Although much attention has been directed to the antiviral properties of the HMG-CoA reductase inhibitors, inhibition of the enzyme that immediately precedes it in the mevalonate pathway, HMG-CoA synthase, also inhibits HCV replication [5
]. Other investigators have demonstrated that F-244 (L-659,699), a small molecule inhibitor of HMG-CoA synthase [21
], inhibits HCV replication [5
]. Herein, we report that ceestatin, a novel inhibitor of HCV replication identified in a compound screen [11
], also inhibits HMG-CoA synthase. Furthermore, by restoring intermediates in the mevalonic acid pathway found downstream of HMG-CoA synthase, we were able to eliminate ceestatin’s anti-HCV effects and rescue HCV replication. Ceestatin, therefore, probably exerts its antiviral effects via HMG-CoA synthase inhibition.
One potential drawback of using small molecules as probes to examine biologic phenomena is that off-target effects may account for a portion of their activity. Although it is possible that ceestatin may act on other unknown targets, both our rescue and siRNA experiments strongly suggest that HMG-CoA synthase inhibition alone is sufficient to inhibit HCV replication. In fact, HMG-CoA synthase inhibition via siRNA knockdown inhibits HCV replication as much as the knockdown produced by siRNA against HMG-CoA reductase, indicating that both act as equivalent antiviral host targets.
The mechanism by which inhibition of HMG-CoA synthase impairs HCV replication remains unknown. One possible hypothesis is based on observations noted in studies of the anti-HCV properties of the statins. HMG-CoA reductase inhibitors shut down cholesterol biosynthesis by preventing the formation of mevalonate from 3-hydroxy-3-methyl-glutaryl CoA. In addition to lowering intracellular levels of sterols, statins also reduce levels of isoprenoids, which are derived from mevalonate. Isoprenoids such as geranylgeranyl pyrophosphate serve as lipid attachments for a variety of intracellular signaling molecules. It has been reported that inhibition of geranylgeranylation, rather than the synthesis of cholesterol itself, is responsible for the inhibition of HCV RNA replication [3
]. In fact, the anti-HCV effect of the statins was reversed by addition of geranylgeraniol, but not by farnesol or cholesterol [3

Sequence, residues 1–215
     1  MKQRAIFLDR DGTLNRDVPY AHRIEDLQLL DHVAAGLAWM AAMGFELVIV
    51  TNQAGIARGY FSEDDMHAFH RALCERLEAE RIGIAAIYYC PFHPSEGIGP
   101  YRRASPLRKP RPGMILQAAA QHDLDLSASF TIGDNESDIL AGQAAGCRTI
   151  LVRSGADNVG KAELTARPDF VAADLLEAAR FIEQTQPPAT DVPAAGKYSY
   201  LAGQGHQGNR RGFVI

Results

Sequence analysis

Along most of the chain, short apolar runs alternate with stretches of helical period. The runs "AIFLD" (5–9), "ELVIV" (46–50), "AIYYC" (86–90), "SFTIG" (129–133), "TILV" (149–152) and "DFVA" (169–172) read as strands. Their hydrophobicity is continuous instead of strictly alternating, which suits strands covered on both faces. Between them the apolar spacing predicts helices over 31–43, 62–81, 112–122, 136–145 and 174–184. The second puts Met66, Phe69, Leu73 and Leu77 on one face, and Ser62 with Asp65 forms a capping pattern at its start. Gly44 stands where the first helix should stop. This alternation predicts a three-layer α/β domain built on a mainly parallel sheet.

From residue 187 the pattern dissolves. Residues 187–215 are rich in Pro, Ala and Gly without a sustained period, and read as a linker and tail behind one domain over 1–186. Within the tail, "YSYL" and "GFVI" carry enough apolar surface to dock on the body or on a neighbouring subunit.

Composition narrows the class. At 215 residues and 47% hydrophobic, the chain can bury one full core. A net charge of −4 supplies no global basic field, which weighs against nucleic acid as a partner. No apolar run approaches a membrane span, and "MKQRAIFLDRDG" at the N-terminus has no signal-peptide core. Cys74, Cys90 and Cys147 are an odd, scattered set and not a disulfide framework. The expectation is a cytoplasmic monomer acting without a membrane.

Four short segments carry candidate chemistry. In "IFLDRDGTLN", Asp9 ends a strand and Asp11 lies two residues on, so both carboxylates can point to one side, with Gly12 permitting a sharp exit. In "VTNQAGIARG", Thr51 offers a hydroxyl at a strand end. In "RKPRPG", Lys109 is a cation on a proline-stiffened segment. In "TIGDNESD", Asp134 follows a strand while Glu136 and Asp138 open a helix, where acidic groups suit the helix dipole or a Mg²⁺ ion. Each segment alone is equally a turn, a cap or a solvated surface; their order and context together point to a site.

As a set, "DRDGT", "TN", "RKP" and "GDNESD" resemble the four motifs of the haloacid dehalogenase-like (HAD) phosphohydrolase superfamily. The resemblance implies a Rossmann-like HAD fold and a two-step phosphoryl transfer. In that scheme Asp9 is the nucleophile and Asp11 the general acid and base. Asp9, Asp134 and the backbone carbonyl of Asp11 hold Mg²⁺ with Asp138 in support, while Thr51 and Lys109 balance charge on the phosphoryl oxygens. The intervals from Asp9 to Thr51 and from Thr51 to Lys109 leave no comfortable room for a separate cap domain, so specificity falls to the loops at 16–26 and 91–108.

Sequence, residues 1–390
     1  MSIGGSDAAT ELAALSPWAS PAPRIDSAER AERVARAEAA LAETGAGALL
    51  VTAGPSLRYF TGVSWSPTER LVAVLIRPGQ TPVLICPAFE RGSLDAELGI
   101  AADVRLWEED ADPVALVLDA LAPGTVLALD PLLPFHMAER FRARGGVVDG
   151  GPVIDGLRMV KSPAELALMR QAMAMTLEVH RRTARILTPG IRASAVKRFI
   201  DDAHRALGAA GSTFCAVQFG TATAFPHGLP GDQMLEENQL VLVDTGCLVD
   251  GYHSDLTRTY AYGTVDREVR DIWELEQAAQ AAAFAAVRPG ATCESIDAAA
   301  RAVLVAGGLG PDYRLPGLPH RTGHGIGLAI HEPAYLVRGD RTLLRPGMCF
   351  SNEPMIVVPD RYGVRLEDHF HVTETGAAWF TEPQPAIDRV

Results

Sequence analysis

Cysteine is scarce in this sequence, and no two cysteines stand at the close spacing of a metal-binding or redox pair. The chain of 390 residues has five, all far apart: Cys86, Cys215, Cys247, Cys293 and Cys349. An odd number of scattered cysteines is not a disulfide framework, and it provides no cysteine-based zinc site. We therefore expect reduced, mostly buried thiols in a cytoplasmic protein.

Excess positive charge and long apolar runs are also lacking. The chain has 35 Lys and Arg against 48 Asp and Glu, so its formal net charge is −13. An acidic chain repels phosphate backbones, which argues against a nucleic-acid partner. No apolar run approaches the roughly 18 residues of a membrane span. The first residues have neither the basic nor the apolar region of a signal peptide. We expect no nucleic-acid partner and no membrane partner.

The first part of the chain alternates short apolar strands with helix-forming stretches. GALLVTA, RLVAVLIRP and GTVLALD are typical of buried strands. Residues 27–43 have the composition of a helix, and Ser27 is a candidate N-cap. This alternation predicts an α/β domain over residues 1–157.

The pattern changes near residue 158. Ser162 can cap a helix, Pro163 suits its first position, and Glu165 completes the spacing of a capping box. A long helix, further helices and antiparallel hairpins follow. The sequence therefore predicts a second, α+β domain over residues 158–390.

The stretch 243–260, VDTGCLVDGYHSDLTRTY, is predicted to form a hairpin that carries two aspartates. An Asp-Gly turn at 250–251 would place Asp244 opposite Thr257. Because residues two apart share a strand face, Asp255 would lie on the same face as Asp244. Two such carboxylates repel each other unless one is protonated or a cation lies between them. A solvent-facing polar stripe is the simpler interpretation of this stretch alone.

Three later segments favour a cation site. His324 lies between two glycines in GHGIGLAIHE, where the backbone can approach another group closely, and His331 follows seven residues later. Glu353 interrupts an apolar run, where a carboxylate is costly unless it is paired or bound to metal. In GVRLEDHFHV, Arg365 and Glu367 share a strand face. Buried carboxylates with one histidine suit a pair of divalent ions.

]. Because the HCV genome does not encode a geranylgeranylated protein, it is hypothesized that a host geranylgeranylated protein, such as FBL2 [22
], must play an important role in HCV replication and that inhibition of the geranylgeranylation of this protein represents a potential strategy for blocking HCV replication. Thus, for statins to exert their anti-HCV effects, they must deplete mevalonate sufficiently to lower the cellular pools of geranylgeranyl pyrophosphates [3
]. Because HMG-CoA synthase immediately precedes HMG-CoA reductase in the mevalonate pathway, one can logically infer that the impairment of HCV replication resulting from its inhibition is mediated by the same mechanisms by which the statins exert their anti-HCV effects. Indeed, the anti-HCV effects of ceestatin were reversed by the addition of geranylgeraniol, but not by the addition of either farnesol or cholesterol, as has been observed previously with the statins (). These findings further underscore the importance of maintaining cellular pools of geranylgeraniol for HCV replication.
No general algorithm currently exists to identify the targets of novel uncharacterized anti-HCV compounds. We employed a systematic process to uncover the mechanism of action of ceestatin. Our paradigm, a stepwise logical method, begins with a broad assessment of activity against both specific viral enzymatic targets (through in vitro enzymatic assays) and other possible nonenzymatic viral targets (through sequence evolution analysis). Should the compound in question not act on a viral target, affinity chromatography would then be used to identify potential host targets, followed by the appropriate confirmatory biochemical assays for target validation. Following this paradigm, we first eliminated potential viral targets before embarking on the more technically challenging, but ultimately successful, search for the host target, HMG-CoA synthase.
In summary, we have found that ceestatin exerts its anti-HCV effects through inhibition of the host cofactor HMG-CoA synthase. Ceestatin may therefore prove to be useful not only as an antiviral agent, but also as a cholesterol-lowering agent. Furthermore, it also can be used as a small molecule probe to further define the relationship between HMG-CoA synthase, the mevalonate pathway, and HCV replication. Indeed, we have provided further evidence supporting the hypothesis that inhibition of the mevalonic acid pathway leads to depletion of cellular pools of geranylgeraniol necessary for HCV replication. Finally, the logical stepwise process employed to discover the mechanism of action of ceestatin can serve as a general experimental strategy to reveal the targets on which novel uncharacterized anti-HCV compounds act. Our discovery and characterization of the novel anti-HCV compound ceestatin strongly links basic research in chemical biology to an ongoing problem in the practice of medicine, thereby representing a paradigm of the power of translational medicine.